Seed-Savy Savings Tips

Good day to you, readers! ‘Tis the season we’ve all been waiting for: planning and planting time.

Ready to gear up with your gardening weapons of choice? I personally am dusting off the ol’ trowel, nice thick gloves (a find from the dollar store), and scissors. And…the free stuff ends there, it seems. Gardening Pinterest might have you pulling out a depleted wallet for “the perfect’’ plant. I have had difficulty not adopting plant babies whenever I go to a plant store (darn those amazing front-of-the-store displays).  Reflecting upon this during the cold winter months left me curious and eager to learn from my overspending mistakes.

I was surprised to find a bevy of ways to save on plants and seeds. While I still need to work on the ol’ impulse buying, I’m eager to share (and implement) these tips to save on seeds this season!

Do the Research

It seems like a “no duh,” but I have certainly bought plants that looked like they would yield tasty veggies, only to see them wilt away. I failed to do my research about how they would take to the climate, when the plants might bloom best (and making sure to help them get comfortable before then), and how well they would do with other plants. It’s important to research which plants could be friends and reside in the garden together, and which plants could be deadly foes. Find out which plants are invasive, and which ones will love being back in their native land. And, read the little tags that plants come with! They have well-detailed planting, timing, and other instructions. If tags cannot be found, scour the internet for sunlight details, soil acidity needs, and fertilizer needs.

Make a Grocery List

Make a strict grocery list of plants seeds and seedlings you’re going to look for and have a few dollars for something extra. Be sure to examine your schedule. Will you be able to commit to an intensive plant, or do you need something you can simply water once a week?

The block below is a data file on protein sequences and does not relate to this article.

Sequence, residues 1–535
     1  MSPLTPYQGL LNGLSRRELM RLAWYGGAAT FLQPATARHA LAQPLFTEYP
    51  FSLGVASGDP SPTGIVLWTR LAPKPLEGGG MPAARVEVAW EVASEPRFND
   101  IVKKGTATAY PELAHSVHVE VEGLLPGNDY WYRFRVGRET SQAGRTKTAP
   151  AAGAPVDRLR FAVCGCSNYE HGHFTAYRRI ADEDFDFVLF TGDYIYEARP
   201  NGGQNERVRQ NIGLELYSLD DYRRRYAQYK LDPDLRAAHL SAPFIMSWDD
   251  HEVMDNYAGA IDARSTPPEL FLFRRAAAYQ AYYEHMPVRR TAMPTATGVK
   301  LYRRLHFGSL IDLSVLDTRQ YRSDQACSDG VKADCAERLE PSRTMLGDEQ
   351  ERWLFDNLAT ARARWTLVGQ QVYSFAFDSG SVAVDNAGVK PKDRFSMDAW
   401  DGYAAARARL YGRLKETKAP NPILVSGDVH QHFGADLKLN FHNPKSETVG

Be honest with yourself, as hard as it can be.

Seek Out Veggies

Seek out veggies that you and your family or friends will actually eat. I grew a hearty stock of tomatoes, but I only like them in sauces. As a result, we had to find anyone we had a connection with to take the ‘maters that took up a considerable portion of counter space.

Buy Local

Buy local—not just to support local businesses, but because they will often have the plants and soil that do best in your region. Even if it’s more expensive, it will be worth it, as the transfer (from pot to soil) will go well and most likely increase the longevity of the plant. You can also keep an eye out for local plant swaps and markets, like what the Thurmont Green Team offers ( Catoctin High School also has a lovely and extensive plant sale each year in the spring.

Best Time to Buy Seeds

This is more of a retrospective tip. The best time to buy seeds is early summer and the end of fall. Spring does offer more selection, but usually at a steeper price. Along the same vein, seek out the clearance section, and particularly seek out perennials that will often be dehydrated or done blooming. After watering, they’ll be perfect and ready to bloom for you next year!

The smaller and earlier in development the plant is, the more likely it’ll be cheaper (since you’re going to input your labor instead of paying for the nurseries to grow you a baby squash).

Self-sustaining Gardner

Become a self-sustaining gardener! Let your plant grow and reproduce, then collect seeds and cuttings for the next season. These seeds will be more compatible with your garden, as they have adapted to those specific conditions. Propagate cuttings in water, then after a considerable root system is created, transfer to soil.

Try implementing one of these tips and see what happens! Who knows, maybe you’ll be able to use those extra savings for something fun! Or maybe the Leprechaun will give you a bounty of gold to grow more plants… you never know!

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